Thursday, April 14, 2011

Out of Ground Experience

So for those of you who were surprised by my post about doing kale, spinach, and chard starts indoors, this post is for you. Usually one does not plant these seeds indoors and then transplant them. They germinate at cooler temperatures, and conventional gardening wisdom states that one should sow them directly into the ground. However, we are all about experimentation at S-UH, as well as cultivating (no pun intended) ways to make gardening more accessible to people in climates less mild than the Pacific Northwest. I wanted to see if there was a way that my family in Central New York, or our readers in Chicago, Minnesota, and Alberta could get their plants going before the outdoor growing season starts.

Hence the article in which I planted kale, spinach, and chard into egg cartons to get the growin' goin'. These little sprouts are leafy and happy on my start shelf, but beautiful weather and the need to turn them EVERY DAY due to sun coming from only one direction finds me putting them out into the raised beds in the backyard.

First off, if you are following the blog, you know that the beds themselves are experimental. They have been out back rotting away for a while now, and I am please to report that the peas I planted recently have been growing well out there! Here's how I am going about planting in the sheet mulch, as well as details about the transplantation experiment.

The sheet mulch is not soil. It is a partially-composted mass of striated compost, straw, soil, and manure. To increase the success of anything I plant here I am digging a trench into the bed, and filling that trench with soil before putting in the transplants. In this pic I show the trench I dug today to put in the pea starts that I kept indoors for an extra week.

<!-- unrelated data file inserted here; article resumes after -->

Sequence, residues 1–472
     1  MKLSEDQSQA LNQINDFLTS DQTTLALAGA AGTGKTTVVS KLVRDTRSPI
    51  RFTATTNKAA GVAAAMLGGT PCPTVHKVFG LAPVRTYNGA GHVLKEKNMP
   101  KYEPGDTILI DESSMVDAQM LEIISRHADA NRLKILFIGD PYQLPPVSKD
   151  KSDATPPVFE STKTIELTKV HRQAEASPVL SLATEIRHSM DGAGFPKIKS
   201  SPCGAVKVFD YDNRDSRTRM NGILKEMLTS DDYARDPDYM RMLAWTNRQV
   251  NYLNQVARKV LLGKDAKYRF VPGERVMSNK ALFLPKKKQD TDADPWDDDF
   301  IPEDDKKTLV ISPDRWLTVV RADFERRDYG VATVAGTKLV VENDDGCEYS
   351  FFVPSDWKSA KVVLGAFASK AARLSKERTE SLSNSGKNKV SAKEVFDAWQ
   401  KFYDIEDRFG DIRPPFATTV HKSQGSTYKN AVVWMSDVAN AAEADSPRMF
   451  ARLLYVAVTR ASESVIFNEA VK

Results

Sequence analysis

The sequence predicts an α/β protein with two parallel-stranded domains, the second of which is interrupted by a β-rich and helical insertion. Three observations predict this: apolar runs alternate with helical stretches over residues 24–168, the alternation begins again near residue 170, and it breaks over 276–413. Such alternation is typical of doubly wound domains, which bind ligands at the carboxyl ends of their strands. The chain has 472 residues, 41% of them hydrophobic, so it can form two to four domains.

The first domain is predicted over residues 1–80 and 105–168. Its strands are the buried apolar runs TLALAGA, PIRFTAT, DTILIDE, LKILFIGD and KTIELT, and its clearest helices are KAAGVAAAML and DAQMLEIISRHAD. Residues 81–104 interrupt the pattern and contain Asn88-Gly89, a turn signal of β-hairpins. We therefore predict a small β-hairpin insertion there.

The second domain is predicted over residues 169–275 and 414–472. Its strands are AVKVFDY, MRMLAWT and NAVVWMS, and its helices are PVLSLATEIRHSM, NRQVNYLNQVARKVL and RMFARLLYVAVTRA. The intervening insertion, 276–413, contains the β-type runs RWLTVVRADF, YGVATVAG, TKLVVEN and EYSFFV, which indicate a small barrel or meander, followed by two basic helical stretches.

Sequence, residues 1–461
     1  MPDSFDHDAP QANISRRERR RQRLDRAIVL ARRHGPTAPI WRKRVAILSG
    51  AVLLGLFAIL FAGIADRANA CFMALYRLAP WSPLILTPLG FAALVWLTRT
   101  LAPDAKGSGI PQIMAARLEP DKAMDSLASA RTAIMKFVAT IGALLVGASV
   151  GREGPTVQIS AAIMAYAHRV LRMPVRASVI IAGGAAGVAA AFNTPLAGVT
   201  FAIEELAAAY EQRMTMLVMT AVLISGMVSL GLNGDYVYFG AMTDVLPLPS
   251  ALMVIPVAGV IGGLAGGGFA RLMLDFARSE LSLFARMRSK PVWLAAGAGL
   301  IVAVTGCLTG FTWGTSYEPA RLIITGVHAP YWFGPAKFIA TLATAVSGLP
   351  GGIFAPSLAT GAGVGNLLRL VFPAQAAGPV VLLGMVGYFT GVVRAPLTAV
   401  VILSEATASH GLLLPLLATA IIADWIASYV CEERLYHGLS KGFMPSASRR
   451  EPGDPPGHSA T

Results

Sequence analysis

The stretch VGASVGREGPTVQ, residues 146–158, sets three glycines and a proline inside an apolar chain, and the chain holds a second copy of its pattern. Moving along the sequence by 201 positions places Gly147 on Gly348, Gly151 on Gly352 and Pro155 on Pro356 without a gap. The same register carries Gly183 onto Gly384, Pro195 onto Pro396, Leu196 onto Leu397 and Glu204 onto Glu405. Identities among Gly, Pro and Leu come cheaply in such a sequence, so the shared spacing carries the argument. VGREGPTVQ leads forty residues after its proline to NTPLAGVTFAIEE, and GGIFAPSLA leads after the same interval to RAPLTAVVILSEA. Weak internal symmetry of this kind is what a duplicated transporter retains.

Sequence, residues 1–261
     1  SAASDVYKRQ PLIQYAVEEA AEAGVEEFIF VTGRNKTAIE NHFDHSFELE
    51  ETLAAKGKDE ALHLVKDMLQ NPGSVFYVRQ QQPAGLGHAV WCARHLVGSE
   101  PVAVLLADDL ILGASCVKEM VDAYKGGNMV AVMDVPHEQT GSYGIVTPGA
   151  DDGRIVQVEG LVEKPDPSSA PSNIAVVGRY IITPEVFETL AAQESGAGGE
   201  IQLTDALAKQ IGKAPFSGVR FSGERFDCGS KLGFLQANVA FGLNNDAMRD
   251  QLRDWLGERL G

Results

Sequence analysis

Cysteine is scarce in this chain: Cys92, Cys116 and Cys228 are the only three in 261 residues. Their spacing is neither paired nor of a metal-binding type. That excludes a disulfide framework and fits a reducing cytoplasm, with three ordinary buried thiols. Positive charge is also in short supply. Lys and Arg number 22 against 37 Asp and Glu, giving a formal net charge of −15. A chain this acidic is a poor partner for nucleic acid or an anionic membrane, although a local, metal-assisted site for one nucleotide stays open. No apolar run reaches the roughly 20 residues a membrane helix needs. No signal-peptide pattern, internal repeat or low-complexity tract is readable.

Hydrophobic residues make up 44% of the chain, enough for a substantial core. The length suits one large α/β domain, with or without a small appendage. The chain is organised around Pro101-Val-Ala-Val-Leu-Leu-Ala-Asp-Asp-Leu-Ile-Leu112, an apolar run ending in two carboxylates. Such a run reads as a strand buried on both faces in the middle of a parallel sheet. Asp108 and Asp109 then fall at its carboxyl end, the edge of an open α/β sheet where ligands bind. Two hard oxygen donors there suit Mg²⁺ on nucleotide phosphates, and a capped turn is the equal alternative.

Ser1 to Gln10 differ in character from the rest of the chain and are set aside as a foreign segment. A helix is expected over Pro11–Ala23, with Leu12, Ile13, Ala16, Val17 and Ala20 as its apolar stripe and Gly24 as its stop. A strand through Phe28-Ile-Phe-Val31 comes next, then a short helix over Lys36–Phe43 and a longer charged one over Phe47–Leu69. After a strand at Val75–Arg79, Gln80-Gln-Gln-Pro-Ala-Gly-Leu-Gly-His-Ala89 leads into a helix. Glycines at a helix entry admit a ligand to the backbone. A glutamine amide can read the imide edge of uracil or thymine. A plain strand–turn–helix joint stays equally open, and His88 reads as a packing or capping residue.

I used the cardboard egg cartons to plant in, which meant that I could just cut them up and place the plants into the soil inside the cups. Here is where the experiment starts getting interesting. The plants came up in the egg cartons just fine. I planted one row of each plant by scooping the start out of the cup and planting it bare into the soil, one row with the cups still intact, and one row I sowed seeds directly into the ground. Now all I have to do is water, fertilize, and watch to see what happens with each row. Not the most scientific, controlled experiment but hey, I am no scientist.

The plants are in! Will report back to see how it goes. At the moment I get to enjoy the happy kale, chard, spinach, and pea plants out back in the sun. Oh, and the cucumber starts are popping up!!!


  1. we had a hard frost again last the twenties this am - ann

  2. yeah...we are very lucky that we get to plant this early, and that really we can plant nearly year-round. when i think about the people who read this blog, i know that not everyone can do that. this last project was an attempt at trying some things that our friends in cooler climes may be able to replicate!